Lorne popped the locks and stopped the truck, still deep in the empty part of the parking lot, two football fields to go. Thomas jumped out, giving him a wired, puzzled look as he slid out and slammed the door behind him, pressing the candy bag against his chest. Reaching across the cab, Lorne grabbed the door and pulled it shut. Thomas’s wispy form sped down the length of the parking lot, baggy jeans dragging the concrete, his OU hat jammed low on his head. He began weaving in and out among the cars, looking for his mother’s, until the dark shapes of police officers converged on him. Lorne turned the truck around and headed home. They were talking about the big game with Texas that weekend, but Lorne couldn’t concentrate. As he drove north through the metro, he shook so badly it was hard to steer, and for once he didn’t think it was the disease that caused the shaking.
When he got home, he saw the social security letter on the kitchen counter and Cade’s note reminding him to blow up the Halloween cat still propped up by the salt shaker awaiting his attention. In an hour, his kids would be home from school, Jenny a little while later. Cade’s slumber party would start, he thought, at 5:00. Lorne yanked the creaking plastic mass from a big box in the garage, which still reeked of exhaust, and situated it on the front lawn so that when it was blown up it would look like it was guarding the sidewalk leading to the front door. That was where they always put it. He pumped it up as full as it could go without bursting. It stood four feet high and twice as long, shiny and stiff, a big black cat with white fangs and glowing yellow eyes.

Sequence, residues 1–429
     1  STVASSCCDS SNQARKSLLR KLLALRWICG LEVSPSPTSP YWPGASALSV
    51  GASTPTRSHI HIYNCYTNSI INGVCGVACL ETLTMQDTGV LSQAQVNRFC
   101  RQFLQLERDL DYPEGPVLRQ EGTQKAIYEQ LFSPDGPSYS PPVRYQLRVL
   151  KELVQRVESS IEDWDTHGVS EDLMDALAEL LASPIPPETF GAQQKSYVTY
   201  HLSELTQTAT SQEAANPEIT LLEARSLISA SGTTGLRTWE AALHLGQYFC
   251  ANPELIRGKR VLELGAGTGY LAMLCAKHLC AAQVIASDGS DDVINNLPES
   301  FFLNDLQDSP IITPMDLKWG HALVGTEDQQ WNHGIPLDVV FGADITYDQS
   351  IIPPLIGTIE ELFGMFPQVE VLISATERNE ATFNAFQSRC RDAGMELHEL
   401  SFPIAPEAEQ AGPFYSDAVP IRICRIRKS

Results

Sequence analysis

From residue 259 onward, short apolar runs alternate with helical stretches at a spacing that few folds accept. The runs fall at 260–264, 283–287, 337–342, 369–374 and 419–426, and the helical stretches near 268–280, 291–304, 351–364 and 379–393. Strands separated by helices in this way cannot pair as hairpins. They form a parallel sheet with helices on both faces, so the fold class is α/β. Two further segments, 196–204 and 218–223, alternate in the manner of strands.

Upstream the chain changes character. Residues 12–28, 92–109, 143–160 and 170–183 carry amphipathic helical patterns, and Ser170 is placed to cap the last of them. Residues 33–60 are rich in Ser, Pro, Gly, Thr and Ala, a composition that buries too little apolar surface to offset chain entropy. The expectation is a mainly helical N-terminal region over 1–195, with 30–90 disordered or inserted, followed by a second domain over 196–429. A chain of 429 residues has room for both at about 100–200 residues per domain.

But then a low hiss started and the cat began to rock gently, to soften; its taut, round shape loosening like Jenny’s abdomen after giving birth. He walked around the creature with his palms out, an inch or two away from the shiny surface. His hands shook and he fought the need to let them curl. Finally he felt it, the soft rush of air against his palm, and he stuck his finger over the hole. From his jacket pocket he pulled a role of black tape and tore a piece off with his teeth and smoothed it over the hole. The hissing stopped. He returned to the pump and refilled the cat with air until its yellow eyes bulged, its white fangs hung like icicles and its ears stood stiff to their points, like they could hear everything, the past and the future, the things that weren’t true and the things that were.